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Four Questions to Ask Yourself When Adapting Traditional Marketing Techniques for Social Media

by Megan Brown  |  
April 11, 2013

Why have only 34% of marketers generated leads using Twitter? Why is this number so low if new users keep signing up for social networks and companies keep publishing posts about taking advantage of those networks for marketing?
Though marketers know they need to include social media in their marketing plans, they often aren’t sure how it fits in---and they don’t want to scrap their entire strategy. That leads to social strategy being fit in at the last minute (if it is even included at all), rendering any social efforts ineffective.

But the good news is, marketers, that you don’t have to return to the drawing board to have a sound social strategy.

Traditional marketing techniques can be easily adapted for social media to meet campaign goals. However, just as in planning any other marketing campaign, audience behavior must be taken into account.

Here are four questions to consider before incorporating social into your marketing strategy to ensure its success.

1. Is my social audience the same as my traditional marketing audience?

Though that question may seem simple, many brands overlook segmenting their audience according to the type of marketing they are doing.

You may be selling the same product or service across many different channels, but this doesn’t mean you should market the product or service the same way. In fact, using social as a marketing channel can open brands up to ways to capture new audiences.

Brands, such as Old Spice and Coca Cola, have adapted specific messaging for social to not only create effective and engaging social content but also refresh their classic brand image to create renewed interest in their brands---without changing their products or alienating already loyal consumers.

2. What am I already doing that can be easily adapted for social media?

Chances are, even if you haven't been taking social media into account for marketing campaigns, you can still start adding a social aspect that will boost your marketing power.

That doesn’t mean throwing a hashtag into your commercial just for the sake of being able to claim your brand is social! Adding a social aspect to your marketing means including calls to action to continue or cultivate conversations regarding your brand on social; adding a social element to event marketing efforts, such as live tweeting or live blogging; sharing brand milestones on social; and more.

Even beyond this, social listening can help you adapt both traditional marketing and social strategies to improve campaigns on the fly.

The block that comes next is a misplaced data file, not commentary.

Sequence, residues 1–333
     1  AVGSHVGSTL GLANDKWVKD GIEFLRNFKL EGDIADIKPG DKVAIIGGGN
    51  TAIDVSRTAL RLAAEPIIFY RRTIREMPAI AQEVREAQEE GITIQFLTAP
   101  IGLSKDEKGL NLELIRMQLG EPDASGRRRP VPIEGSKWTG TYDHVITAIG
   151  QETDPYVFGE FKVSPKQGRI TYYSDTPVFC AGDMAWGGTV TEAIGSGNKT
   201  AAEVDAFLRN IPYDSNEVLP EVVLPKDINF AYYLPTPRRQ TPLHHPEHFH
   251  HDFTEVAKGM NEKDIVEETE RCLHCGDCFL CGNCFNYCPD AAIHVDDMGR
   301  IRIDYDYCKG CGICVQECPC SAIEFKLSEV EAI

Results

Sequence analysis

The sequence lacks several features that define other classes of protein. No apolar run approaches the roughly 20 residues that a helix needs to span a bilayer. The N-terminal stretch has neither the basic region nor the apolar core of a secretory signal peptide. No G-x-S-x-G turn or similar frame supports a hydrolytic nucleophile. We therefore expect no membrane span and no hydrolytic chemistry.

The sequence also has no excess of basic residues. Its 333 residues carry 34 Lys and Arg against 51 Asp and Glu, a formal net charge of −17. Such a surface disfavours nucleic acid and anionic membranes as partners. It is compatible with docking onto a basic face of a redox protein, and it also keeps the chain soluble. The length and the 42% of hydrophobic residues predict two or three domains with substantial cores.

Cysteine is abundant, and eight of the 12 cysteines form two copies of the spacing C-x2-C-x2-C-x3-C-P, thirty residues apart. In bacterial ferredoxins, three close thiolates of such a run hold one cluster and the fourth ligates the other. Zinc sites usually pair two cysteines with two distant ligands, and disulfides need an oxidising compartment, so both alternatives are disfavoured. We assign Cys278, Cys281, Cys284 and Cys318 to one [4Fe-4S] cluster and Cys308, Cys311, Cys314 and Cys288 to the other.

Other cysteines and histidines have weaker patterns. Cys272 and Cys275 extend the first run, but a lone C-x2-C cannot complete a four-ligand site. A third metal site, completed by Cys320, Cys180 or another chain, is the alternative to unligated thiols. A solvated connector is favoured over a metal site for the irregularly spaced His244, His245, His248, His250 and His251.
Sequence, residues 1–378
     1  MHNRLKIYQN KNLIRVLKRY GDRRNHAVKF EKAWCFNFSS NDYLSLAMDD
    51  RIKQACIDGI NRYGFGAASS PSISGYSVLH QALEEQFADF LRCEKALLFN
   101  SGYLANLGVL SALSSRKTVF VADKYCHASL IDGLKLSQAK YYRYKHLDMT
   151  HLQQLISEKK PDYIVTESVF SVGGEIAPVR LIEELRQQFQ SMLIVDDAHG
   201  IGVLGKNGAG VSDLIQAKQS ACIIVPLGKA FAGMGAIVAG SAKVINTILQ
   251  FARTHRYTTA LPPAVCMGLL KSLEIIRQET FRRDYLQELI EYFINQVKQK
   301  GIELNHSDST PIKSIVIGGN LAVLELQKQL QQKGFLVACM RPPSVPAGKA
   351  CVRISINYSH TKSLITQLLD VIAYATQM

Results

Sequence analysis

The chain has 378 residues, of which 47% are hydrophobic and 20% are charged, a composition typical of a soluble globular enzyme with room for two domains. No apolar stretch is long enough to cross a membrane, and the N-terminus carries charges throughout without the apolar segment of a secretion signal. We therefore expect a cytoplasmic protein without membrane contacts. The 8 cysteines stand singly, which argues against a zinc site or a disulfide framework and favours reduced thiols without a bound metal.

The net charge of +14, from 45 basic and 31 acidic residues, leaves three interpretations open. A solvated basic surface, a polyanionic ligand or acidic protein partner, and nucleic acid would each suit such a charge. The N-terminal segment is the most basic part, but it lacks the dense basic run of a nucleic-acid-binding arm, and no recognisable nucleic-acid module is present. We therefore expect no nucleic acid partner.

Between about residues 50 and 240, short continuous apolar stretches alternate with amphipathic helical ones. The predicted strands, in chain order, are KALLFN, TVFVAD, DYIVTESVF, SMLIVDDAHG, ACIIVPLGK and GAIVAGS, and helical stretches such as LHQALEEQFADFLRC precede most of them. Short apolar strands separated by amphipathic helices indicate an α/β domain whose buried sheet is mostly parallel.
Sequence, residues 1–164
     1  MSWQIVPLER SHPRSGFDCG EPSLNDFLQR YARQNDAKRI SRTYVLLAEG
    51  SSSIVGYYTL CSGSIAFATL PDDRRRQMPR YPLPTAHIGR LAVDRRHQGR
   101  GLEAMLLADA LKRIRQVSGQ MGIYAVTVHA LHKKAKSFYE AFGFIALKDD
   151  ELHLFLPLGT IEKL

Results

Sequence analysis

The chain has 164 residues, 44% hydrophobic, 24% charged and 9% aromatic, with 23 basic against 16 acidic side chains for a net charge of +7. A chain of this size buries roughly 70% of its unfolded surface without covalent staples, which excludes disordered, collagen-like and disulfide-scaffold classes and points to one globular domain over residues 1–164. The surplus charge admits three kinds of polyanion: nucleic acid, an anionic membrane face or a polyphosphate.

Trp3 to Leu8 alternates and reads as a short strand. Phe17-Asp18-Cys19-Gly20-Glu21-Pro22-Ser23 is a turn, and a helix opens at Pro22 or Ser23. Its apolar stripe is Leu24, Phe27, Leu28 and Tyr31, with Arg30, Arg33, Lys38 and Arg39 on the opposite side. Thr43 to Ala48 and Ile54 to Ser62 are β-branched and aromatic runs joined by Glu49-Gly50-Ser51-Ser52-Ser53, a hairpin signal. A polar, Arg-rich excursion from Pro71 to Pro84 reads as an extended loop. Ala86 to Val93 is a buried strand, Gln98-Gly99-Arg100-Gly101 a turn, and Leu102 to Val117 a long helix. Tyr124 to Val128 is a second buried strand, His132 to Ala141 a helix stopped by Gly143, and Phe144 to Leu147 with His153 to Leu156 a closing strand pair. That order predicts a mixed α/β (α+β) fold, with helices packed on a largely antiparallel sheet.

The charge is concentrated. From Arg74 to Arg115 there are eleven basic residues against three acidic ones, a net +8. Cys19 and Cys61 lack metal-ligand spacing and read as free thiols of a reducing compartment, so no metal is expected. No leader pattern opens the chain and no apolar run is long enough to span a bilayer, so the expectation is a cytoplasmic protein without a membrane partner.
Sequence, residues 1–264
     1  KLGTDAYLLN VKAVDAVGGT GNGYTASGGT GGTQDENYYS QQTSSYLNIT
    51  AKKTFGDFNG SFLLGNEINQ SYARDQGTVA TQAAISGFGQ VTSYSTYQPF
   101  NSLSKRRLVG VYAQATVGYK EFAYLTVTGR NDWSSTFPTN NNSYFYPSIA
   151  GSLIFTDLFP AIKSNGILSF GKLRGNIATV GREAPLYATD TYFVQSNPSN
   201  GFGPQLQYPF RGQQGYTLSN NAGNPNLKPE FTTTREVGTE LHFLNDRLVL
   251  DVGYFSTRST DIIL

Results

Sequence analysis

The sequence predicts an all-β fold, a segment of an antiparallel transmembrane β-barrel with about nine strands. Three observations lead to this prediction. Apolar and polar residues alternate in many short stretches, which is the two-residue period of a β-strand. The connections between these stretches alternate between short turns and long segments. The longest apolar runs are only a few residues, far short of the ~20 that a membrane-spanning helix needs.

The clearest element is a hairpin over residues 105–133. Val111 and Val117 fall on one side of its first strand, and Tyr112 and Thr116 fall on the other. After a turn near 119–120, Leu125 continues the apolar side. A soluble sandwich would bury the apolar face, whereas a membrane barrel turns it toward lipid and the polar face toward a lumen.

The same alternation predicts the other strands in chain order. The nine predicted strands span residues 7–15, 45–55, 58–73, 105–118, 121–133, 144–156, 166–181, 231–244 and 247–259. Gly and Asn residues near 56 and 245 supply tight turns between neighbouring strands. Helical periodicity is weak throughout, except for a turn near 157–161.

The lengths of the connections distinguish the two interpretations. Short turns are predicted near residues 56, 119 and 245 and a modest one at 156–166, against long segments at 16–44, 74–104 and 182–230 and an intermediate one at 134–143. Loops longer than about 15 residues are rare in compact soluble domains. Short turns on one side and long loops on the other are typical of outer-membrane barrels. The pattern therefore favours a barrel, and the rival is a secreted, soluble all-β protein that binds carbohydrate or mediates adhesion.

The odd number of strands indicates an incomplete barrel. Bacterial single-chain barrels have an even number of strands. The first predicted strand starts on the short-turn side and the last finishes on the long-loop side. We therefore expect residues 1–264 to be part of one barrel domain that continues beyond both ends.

Social media and traditional marketing campaigns both operate in real time. Ensure your marketing team is also assessing, adding to and improving in real time as well.

3. How and where is my audience consuming this message?

It might seem like a good idea to put a QR code on a billboard because a lot of people will see it. But how often when driving do you pull over, take your cell phone out, and scan something? Even more so, how many people will scan a QR code while driving by at 50 mph?

While QR codes may have their place in marketing and social strategy, they have no place on a billboard.

Keep in mind how consumers will access your social media messaging---whether at home or at work, on their phones or laptops or tablets, through an app or on a site---and tailor both the location as well as the message itself to this behavior.

You can change messaging for the different ways your various audiences seek your brand, relevant services, or related content. Not only will this make your social messaging accessible, it will also encourage engagement with your content and give it a more personal feel to those seeing it and generate loyalty.

4. How do my goals for social media differ from my traditional marketing goals? How are they similar?

Social media is a tool, not a strategy. Therefore, you have to use it as such to achieve goals. Generally, these goals fall into four categories: awareness, engagement, sentiment, and acquisition.

Each category is defined by specific social metrics. Knowing how to craft these goals will help you integrate it with other marketing strategies, so you can parallel your efforts on all channels.

ROI may be more difficult to measure on social as well. That is why you need to define specific goals while seeing how they impact the goals of other marketing efforts.

Once you’ve segmented your goals for all types of marketing, you can match them to your target audience(s) as well. That will help you further tailor all your campaigns for success.

While traditional marketing techniques are valuable, they will not be as effective on social media without strategic planning and ensuring alignment of audiences, messaging, processes and goals.

However, with a little forethought, a lot of research, and a dash of creativity, traditional techniques can be reinvigorated for social strategy.

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Megan Brown is the social media strategist at iAcquire. You can find her on Twitter @thatgirlmegan as well as tweeting on behalf of @iacquire.

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  • by Heather Thu Apr 11, 2013 via blog

    Great points here! Segmenting your potential audience is a good way to gain better understanding as to how to target any of your social media advertising. Networks such as Facebook make it easy by allowing you to create segments for any paid advertising. From my experience, if done well, social media marketing is a very valuable source of leads for business and should be prioritized in the same way that traditional marketing methods have been.

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